Sunday, July 18, 2010

Fr. Matthias Neuman's Homily for the 16th Sunday in Ordinary Time

Readings: Gen 18:1-10; Col 1:24-28; Luke 10:38-42

I want to go back two weekends ago to my eventful masses at St. Roch’s parish. On that Saturday I arrived for 4:00pm confessions at about 3:55pm. There had been a wedding at 2:30pm, but I was told they would be gone by the 4:00pm time for confessions. Alas, they were not. At 4:00pm they were just beginning to take pictures in the church. With a lot of little kids running around and yelling into the microphone, the whole interior of the church was a scene of loudness and chaos. There were flower petals scattered all over the floor. At 4:15 I reminded them that there was a mass at 5:00 and that people would begin arriving around 4:30pm. My words had no effect whatever. At 4:30pm they were still going full force with pictures when the lady sacristan arrived to set up for mass. She took one look in the church and said, "Oh, my God!" What followed in the next few minutes was something similar, I think, to Jesus cleansing the Temple of the moneychangers. Within five minutes they were all gone—people, photographic equipment and flower petals. And so we were able to start on time at 5:00pm. The lady sacristan definitely took a proactive, Martha-style approach to ministry.

Interestingly, many biblical scholars think that today’s story about Martha and Mary (at least in Luke’s version of the gospel) is not primarily about the value of contemplation over action, which is how it is often taken. Rather it’s about the necessity of integrating contemplation or spirituality into the context of doing ministry. The primacy that’s afforded to Mary in the story serves as a reminder that interior spirituality has to be the foundation that ministry goes back to for its renewing source and ongoing inspiration. The struggle to integrate spirituality and prayer into ministry is a struggle that we all, men and women ministers alike, must deal with. Without continually going back to the source of ministry in our relationship to Christ we can tend to make some distorted judgments. Martha’s problem is not that she is doing the ministry of serving; it’s that she blames someone else (her sister) for not being and doing the exact same thing as she does. And isn’t that true: we tend so often to criticize people because they don’t behave the exact same way that we do? Martha has lost the perspective that spirituality brings to ministry.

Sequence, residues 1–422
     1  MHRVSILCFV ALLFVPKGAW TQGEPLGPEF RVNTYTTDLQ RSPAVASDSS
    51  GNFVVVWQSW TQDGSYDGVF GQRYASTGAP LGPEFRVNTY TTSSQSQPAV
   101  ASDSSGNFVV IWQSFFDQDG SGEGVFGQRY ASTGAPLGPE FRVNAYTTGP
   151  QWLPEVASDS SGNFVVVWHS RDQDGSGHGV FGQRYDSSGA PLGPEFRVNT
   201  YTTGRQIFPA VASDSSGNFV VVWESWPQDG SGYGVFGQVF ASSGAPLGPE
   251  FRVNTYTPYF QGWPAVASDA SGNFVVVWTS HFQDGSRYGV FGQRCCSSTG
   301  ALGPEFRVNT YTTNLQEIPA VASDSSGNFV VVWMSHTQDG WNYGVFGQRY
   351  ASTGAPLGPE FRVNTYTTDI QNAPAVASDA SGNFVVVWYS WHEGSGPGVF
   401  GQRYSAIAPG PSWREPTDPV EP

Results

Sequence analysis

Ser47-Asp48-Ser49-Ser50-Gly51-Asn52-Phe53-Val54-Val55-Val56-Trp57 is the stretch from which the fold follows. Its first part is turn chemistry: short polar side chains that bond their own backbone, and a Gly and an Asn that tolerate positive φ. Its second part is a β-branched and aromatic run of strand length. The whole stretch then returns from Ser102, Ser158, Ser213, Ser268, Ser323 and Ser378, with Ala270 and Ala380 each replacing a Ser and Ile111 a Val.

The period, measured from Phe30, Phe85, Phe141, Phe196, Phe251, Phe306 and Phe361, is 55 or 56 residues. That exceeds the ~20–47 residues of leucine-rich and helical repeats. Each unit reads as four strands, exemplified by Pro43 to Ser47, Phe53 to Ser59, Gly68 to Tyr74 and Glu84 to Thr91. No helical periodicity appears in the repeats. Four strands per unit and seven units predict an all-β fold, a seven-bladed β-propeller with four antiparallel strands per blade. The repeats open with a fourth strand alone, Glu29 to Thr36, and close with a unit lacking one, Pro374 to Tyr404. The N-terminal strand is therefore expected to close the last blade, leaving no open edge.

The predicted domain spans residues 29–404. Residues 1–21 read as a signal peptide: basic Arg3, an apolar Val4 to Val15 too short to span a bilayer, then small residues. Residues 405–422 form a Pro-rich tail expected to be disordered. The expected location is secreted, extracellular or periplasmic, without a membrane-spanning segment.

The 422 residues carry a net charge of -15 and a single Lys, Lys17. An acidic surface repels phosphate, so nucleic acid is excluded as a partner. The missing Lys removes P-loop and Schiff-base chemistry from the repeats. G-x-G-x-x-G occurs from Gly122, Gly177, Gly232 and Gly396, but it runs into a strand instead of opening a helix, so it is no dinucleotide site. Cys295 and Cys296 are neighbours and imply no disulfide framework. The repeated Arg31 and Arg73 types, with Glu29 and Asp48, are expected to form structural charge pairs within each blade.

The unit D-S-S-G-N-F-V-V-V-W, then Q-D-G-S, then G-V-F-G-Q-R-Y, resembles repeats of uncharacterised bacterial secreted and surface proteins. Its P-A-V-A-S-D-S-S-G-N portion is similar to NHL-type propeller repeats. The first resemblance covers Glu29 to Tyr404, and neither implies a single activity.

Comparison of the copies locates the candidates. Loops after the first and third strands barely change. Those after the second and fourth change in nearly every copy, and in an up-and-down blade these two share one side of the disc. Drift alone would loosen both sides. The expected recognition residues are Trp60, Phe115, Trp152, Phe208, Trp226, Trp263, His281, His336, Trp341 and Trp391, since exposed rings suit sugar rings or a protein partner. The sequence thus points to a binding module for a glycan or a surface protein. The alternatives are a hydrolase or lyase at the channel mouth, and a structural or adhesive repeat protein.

Maintaining that integration between spirituality and ministry becomes especially hard when the work of ministry gets tense or angry, is draining emotionally or just plain upsetting. In those times any attempt to pray or even think about spirituality seems limp. (We just want to deal with the problem.) I would suspect that the lady sacristan did not find it easy to fully participate in the Eucharist after throwing the wedding crowd out of church. She wasn’t angry, but she was definitely upset and that can serve to have the same confusing effect as open anger.

Even after it’s all over, it’s not easy to get a balance back again. That’s because by getting angry or upset, we can feel that we have "lessened ourselves." There’s a drop in self-esteem. But that’s what we need to guard against. The better tact would be to assess and learn from our episode of anger or upset. Because we may have been fully justified in our feelings. There are such things as a good anger and a good feeling of upset. The lady sacristan had every right to be upset. The same is true of just about every person working in ministry. There are times when you just have to take a deep breath and say, "Let’s do a little examination of this episode." And you know something.....I think Martha did! And I hope the lady sacristan did too.

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